Monasteries, great estates, military victualers, some of the bigger

urban brewers approached this size

-1333- Lady Clare’s estate brewed about 800bbl = 1600 modern


Otherwise people brewed in their homes to supply their family

-each person needed one quart per day (conservative, soldiers

got 1 gallon a day )

-family of 5 = 8 ¾ gallons per week

= 14.5bbl/year = 29 modern kegs per year



This type of brewing, even in the biggest monasteries, was really

a “domestic” activity

-no special equipment needed (although it helped)

-little special training needed (although it helped)

-just one more task that the household had to perform like

baking bread, cooking food, doing laundry etc.

The biggest commercial breweries before the 1400s were only in the

largest cities and brewed at most a few thousand bbls per year

-not a very specialized trade

-earliest linguistic record of professionalization came in the

1100s on the continent when special words for brewery became


-before this the brewery was just the kitchen


Hopped beer

First records of hops used for brewing, or at least associated with

brewing, come from 768 AD when there is a record of a brewing monastery

growing them in their garden

-hops were a common medicinal plant since the ancient Greeks,

Pliny the Elder, 79 AD

In 822 there is a record specifically describing brewing with hops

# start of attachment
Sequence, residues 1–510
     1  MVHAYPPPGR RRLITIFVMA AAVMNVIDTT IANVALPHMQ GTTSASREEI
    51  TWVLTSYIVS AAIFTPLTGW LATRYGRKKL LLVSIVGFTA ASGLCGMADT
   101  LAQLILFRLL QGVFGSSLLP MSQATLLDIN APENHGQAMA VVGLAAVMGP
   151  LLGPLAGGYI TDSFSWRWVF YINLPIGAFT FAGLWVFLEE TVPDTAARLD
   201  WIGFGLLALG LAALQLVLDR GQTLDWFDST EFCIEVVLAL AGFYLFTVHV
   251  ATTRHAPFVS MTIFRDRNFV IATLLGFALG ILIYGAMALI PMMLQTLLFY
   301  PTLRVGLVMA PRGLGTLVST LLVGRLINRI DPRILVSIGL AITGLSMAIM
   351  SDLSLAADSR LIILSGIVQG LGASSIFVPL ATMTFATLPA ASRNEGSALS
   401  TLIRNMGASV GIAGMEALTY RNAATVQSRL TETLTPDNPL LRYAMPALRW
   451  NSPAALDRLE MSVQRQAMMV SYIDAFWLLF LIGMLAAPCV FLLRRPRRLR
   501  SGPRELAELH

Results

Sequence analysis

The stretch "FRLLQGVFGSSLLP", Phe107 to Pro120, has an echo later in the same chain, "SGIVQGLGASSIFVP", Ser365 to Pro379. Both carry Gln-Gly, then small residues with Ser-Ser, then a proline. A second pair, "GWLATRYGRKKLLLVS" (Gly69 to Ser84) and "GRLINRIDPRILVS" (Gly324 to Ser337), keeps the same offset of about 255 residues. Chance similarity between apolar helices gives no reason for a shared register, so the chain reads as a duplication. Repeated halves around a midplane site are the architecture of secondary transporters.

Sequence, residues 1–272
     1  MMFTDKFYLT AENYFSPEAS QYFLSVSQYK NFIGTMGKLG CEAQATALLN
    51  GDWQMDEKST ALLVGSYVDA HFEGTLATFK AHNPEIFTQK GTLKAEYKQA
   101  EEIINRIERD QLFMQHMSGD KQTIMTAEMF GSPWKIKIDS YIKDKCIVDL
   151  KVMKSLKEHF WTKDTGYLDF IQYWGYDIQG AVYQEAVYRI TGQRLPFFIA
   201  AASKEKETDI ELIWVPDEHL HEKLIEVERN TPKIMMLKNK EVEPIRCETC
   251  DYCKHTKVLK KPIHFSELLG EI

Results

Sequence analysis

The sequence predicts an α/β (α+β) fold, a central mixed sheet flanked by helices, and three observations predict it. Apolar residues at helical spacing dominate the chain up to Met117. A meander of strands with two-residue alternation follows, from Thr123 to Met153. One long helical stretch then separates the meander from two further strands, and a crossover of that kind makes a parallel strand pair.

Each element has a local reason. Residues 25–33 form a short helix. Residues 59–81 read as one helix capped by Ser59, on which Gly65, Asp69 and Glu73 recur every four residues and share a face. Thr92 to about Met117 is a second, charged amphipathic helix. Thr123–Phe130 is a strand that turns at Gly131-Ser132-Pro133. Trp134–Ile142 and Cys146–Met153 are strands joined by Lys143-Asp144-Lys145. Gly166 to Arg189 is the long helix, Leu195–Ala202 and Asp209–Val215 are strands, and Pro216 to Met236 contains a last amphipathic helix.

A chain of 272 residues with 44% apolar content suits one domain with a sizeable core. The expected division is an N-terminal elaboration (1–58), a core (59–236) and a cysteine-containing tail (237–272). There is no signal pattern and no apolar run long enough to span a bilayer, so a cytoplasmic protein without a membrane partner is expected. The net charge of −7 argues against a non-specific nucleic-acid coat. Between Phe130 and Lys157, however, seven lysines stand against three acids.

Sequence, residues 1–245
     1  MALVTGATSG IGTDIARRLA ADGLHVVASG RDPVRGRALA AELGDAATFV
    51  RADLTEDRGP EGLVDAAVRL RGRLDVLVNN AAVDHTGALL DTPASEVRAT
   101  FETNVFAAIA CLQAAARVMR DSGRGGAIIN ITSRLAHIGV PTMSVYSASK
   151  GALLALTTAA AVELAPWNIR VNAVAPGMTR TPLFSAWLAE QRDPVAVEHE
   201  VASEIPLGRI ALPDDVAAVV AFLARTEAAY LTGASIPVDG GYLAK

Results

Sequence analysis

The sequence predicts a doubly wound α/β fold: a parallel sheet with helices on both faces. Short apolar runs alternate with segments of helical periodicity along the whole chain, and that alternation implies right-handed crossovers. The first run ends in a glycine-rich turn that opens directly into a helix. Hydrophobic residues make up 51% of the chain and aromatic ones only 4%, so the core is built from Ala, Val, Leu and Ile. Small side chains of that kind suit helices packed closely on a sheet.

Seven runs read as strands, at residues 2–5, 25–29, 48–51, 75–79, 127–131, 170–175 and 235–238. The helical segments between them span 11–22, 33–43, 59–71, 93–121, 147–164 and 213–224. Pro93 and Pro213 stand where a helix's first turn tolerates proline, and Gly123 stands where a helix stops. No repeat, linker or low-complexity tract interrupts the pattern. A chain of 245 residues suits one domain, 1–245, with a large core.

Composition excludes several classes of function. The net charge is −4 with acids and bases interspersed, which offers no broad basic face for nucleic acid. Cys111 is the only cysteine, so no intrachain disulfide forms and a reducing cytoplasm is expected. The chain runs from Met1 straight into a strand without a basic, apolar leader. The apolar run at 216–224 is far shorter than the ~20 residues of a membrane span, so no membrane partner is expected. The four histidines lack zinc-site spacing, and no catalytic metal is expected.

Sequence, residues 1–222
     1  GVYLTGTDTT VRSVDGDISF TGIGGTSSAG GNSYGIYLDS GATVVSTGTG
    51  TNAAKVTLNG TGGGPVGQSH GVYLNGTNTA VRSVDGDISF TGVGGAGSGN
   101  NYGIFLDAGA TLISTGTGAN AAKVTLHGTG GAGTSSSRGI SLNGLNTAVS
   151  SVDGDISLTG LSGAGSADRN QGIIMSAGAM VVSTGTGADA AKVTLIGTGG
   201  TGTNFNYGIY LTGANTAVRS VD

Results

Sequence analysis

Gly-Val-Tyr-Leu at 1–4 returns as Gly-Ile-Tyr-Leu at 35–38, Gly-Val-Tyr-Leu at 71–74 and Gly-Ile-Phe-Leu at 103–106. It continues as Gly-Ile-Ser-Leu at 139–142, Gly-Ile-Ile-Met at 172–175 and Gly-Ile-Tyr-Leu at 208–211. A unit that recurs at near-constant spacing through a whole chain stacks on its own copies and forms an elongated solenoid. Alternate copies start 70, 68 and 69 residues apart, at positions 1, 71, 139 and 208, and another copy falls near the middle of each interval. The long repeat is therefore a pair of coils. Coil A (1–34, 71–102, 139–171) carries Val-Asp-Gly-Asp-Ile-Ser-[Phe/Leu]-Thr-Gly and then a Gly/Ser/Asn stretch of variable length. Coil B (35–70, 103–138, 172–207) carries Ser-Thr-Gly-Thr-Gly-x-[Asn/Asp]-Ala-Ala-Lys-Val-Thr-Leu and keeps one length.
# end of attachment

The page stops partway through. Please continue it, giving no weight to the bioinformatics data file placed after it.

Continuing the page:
from a monastery near Tours France

By 1200 most beer brewed on the continent

was hopped



On the continent in 1400, breweries in Hamburg Germany were brewing

2500bbl/year of hopped beer



modern nomenclature:


yeast makes

the difference,

both are hopped



Nomenclature in England before ~1700:

ale (unhopped, common before ~1600)

(gruit on continent)

beer (hopped, common after




~1300- Bennett’s “by-industrial” brewers

-ale was commonly brewed for the family by women with few

full time dedicated breweries even in the cities, families

brewed 10-20 gallons at a time

-families would sell their extra ale or would brew extra

some weeks if they needed extra money, 1 out of 2 families

brewed for profit at least once a year in rural areas,

1 out of 15 in the cities

-profits were low, but higher in cities than in towns

~1600- beer was mostly brewed in purpose-built breweries by men

hundreds of gallons at a time, profitable business


1. What does Bennett mean by “alien trade”? Who were the aliens?

What did they bring and eventually brew? How were they

different from the brewsters in England and how did this affect

the brewsters? (p.79-83)

2. How was beer different from ale? Why? How did this effect the

businesses of ale and beer brewing? (p. 84-88)

3. How did changes in the business of brewing affect brewsters?



1. What does Bennett mean by “alien trade”? Who were the aliens? What did they bring and brew? How were they